Friday, June 21, 2013

Fright of Flight!

Fright of Flight!
With that title, I'm sure you are expecting me to be talking about the flying experience - but I'm not; it's actually about all of the fees being raised and instituted by the major airline carriers.
I am all for businesses making money, because there is a cost to doing business; however, some of these fees are getting ridiculous. In late April of this year, several airlines increased their change fees to $200-250 (this is for non-refundable tickets). That's per person, so a family of four would be looking at a minimum of $800-$1000 if they had to change their flight. Also, just to be clear, this fee is ONLY for changing your ticket, that is not taking into consideration if there was a change in your flight costs. 

Sarah is taking her daughter to New York to celebrate her 16th birthday. She's worked with her travel professional and provided all of the date information and booked and paid for the vacation six months in advance. Later, Sarah finds out a month prior to her trip that she needs to change their flights because she has a work obligation that she can not get out of, so they need to depart a day later.

The initial price of her round-trip tickets per person were $350 dollars; however, the price of that flight has shot up to $500 dollars. Not only does Sarah need to pay the difference in the price increase of $150 per person (which will be $300), but she will also be paying a change fee as well. If her flight was booked with one of the carriers that charges $200 per person, then she will be paying $400 to change her and her daughter's tickets. The total price she will be paying additionally out-of-pocket will be $700. I don't know about you, but that's a lot of money!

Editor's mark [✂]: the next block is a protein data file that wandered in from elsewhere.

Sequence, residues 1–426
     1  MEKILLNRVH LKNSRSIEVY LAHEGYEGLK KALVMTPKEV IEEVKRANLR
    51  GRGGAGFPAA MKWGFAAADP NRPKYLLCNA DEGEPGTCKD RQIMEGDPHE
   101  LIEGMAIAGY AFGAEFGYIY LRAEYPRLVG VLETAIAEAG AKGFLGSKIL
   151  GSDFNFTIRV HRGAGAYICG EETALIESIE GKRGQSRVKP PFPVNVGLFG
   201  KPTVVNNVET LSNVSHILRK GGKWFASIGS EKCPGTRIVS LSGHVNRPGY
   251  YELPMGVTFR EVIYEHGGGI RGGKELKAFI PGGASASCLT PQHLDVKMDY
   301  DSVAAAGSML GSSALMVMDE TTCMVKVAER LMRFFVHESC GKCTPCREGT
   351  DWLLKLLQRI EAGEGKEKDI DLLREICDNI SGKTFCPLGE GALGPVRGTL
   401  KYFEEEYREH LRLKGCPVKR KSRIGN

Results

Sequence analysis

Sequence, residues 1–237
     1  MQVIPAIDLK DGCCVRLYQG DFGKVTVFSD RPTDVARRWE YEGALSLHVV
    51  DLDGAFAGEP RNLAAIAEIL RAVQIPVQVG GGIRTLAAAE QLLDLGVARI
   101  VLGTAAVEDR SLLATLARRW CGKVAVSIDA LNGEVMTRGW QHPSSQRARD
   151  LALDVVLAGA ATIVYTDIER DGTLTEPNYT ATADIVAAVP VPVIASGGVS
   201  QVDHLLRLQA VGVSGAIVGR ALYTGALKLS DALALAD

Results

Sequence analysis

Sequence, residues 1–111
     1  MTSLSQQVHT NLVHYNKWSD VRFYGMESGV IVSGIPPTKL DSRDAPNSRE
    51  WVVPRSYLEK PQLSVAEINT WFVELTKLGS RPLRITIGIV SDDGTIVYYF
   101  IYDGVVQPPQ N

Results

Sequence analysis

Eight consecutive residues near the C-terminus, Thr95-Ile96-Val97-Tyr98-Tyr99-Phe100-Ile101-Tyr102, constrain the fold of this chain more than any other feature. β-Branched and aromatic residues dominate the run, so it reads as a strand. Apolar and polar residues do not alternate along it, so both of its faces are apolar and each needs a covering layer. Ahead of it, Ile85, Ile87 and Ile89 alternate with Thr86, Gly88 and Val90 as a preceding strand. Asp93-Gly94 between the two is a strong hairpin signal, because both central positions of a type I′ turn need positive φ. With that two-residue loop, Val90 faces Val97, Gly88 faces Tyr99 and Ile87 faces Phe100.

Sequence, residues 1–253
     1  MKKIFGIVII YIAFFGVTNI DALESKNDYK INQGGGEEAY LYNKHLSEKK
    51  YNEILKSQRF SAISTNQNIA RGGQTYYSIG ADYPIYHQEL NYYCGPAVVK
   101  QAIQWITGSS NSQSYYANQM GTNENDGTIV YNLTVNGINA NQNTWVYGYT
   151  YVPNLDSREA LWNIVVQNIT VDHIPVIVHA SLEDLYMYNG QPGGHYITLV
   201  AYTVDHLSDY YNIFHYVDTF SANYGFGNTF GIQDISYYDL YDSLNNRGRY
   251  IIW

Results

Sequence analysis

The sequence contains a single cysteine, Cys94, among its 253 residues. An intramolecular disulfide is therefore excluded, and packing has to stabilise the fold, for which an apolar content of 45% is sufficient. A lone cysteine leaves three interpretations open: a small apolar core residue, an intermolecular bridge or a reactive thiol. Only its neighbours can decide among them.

Sadly, it's all about "follow the leader." If one carrier sees that a major carrier has increased their fees; rest assured, many others will be following suit. 

Quick tips to possibly alleviate this issue:
  • Make sure your dates of travel are set, and there are no potential conflicts that may make you have to change  your dates. Yes, things do come up, but the better prepared you are, the better off you will be.
  • Double and even triple check all documents you receive to ensure the dates of travel are correct, because if there is an error and it's not caught prior to purchase (or with some carriers, within twenty-four hours), you could be in for a rude awakening when you are hit with a change fee because you need to make a correction.
  • In some cases, the purchasing of travel insurance can help defray some of the costs of non-refundable payments that have been paid. This is a case-by-case situation, but is definitely worth considering and looking in to when you are planning your travels.
  • Finally, cross your fingers and hope for the best. Ok, ok, I know that's probably not the best tip, but hey, it's true! Many things happen that are out of our control. 
The site,, is good about updating information in respect to most of the major carriers and their fee schedules. I've only scraped the tip of the iceberg on all of the fees that can be potentially assessed, so if you want more information, you can check out their site. Their last update was on May 1, 2013 (as of today).

*Photo used from

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